Thompson murder case: Judge rules to disclose witness' name to defendant
by Eric Laughlin | Democrat staff writer | © January 30, 2008
A judge Monday ruled to allow cold case murder suspect Philip Arthur Thompson to be told the name of a witness set to testify against him in a trial now three weeks away.
Prior to the ruling, El Dorado County prosecutor Trish Kelliher had argued that the witness' safety could be at stake if his name was released to the 64-year-old defendant, who has been jailed without bail since his 2003 arrest.
Thompson's attorney Dain Weiner argued that it's his client's constitutional right to know the witness' name, adding that he and his investigator have only limited information regarding the man's background.
'The only person who knows what kind of bias this person has is Mr. Thompson,' Weiner said.
Judge James R. Wagoner, who is set to preside over the trial set to begin late next month, said Kelliher had shown him evidence during a closed session in his chambers that backed her public safety argument.
But the judge said in weighing the evidence Kelliher presented against Thompson's constitutional right to be able to participate in his trial, he could not side with the prosecution.
Judge Wagoner continued that the man's name will be known soon anyway, since the trial is less than a month away.
Kelliher then clarified with the judge that his ruling meant only Thompson (and not members of the media or public) could be given the witness' name.
The seasoned prosecutor had accused two Bay Area Internet journalists of witness intimidation in their posting of photographs and other information regarding witness Stanley Ellis, a convicted career criminal who is set to come out of federal prison to testify in the case.
Kelliher had also fought to keep that witness' name confidential, but Wagoner had ruled against her, citing state law that forbade the name from being kept secret.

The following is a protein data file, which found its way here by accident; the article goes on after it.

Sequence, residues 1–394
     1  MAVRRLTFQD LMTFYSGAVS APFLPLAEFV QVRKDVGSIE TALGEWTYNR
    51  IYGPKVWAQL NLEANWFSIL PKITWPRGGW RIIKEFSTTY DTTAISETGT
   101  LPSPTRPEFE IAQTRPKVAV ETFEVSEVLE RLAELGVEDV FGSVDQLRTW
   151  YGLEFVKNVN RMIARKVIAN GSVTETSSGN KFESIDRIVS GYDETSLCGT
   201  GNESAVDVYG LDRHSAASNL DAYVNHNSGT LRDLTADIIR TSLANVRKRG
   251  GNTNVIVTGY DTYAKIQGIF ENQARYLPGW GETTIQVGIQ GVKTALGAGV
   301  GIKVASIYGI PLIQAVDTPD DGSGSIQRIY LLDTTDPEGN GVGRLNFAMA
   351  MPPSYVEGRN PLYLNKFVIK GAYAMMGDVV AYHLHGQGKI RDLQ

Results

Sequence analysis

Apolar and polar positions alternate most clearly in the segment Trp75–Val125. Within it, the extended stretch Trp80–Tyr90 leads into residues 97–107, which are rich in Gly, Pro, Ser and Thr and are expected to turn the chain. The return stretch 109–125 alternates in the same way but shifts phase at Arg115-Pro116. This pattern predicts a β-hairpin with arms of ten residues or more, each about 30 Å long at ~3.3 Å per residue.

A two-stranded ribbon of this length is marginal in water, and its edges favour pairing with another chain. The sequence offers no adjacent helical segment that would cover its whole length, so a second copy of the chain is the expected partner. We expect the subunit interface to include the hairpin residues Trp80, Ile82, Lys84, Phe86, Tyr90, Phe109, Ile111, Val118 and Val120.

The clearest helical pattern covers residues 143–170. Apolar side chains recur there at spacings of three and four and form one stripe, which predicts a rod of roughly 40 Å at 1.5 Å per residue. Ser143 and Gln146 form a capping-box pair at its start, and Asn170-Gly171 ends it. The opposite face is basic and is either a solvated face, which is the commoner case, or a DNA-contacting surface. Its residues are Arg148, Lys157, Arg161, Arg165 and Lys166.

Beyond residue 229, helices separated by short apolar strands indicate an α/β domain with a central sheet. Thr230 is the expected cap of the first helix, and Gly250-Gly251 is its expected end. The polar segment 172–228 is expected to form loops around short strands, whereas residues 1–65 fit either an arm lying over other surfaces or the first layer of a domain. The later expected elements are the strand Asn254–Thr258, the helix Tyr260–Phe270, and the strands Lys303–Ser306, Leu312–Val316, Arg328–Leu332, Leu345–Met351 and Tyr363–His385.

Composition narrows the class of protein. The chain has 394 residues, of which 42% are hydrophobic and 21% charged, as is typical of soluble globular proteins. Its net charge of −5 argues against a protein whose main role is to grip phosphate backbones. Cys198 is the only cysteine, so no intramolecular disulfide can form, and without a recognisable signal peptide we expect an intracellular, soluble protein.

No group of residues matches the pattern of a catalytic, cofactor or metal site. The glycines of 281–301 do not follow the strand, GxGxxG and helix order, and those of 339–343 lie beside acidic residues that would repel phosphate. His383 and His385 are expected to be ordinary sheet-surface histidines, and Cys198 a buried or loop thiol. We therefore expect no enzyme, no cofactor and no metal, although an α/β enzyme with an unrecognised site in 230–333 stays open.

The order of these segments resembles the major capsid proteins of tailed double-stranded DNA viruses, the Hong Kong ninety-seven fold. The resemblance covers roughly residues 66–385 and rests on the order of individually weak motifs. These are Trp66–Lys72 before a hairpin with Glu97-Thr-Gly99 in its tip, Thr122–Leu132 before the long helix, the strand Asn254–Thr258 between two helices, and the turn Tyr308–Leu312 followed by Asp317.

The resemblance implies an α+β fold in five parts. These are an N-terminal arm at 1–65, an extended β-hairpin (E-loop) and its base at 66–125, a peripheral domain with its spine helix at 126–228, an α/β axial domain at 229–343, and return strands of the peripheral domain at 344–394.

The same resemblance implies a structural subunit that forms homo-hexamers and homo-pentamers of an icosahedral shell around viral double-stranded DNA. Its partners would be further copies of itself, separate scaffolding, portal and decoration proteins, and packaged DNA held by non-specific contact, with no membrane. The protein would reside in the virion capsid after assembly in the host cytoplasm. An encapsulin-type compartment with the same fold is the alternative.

In a another Thompson case proceeding Friday, Kelliher and Weiner conducted telephone interviews, known as conditional examinations, of the original El Dorado County sheriff's detective and a coroner who initially worked on the now 37-year-old case. Both men are elderly and noted physical problems at the time of the interviews
The former coroner, Donald Jones, testified that he found no evidence of victim Betty Cloer being sexually assaulted and that she had three .32 caliber bullets lodged in her body, at least one of which was in her brain. Jones said he has no independent knowledge of the case and that he was relying only on his report for all of his testimony.
Retired detective Mike Mergen then testified as to interviews he conducted of witnesses who on the October 1971 night of her murder saw Cloer leave with a large man, of whom they could not provide much of a description.
Thompson was arrested by El Dorado County detectives in October 2003 following a reported DNA hit that allegedly linked him to the remote homicide scene on Cambridge Road south of Highway 50
At the time of his arrest he had nearly finished serving time on a burglary conviction in Solano State Prison in Vacaville.
The trial is predicted to last upward of two months.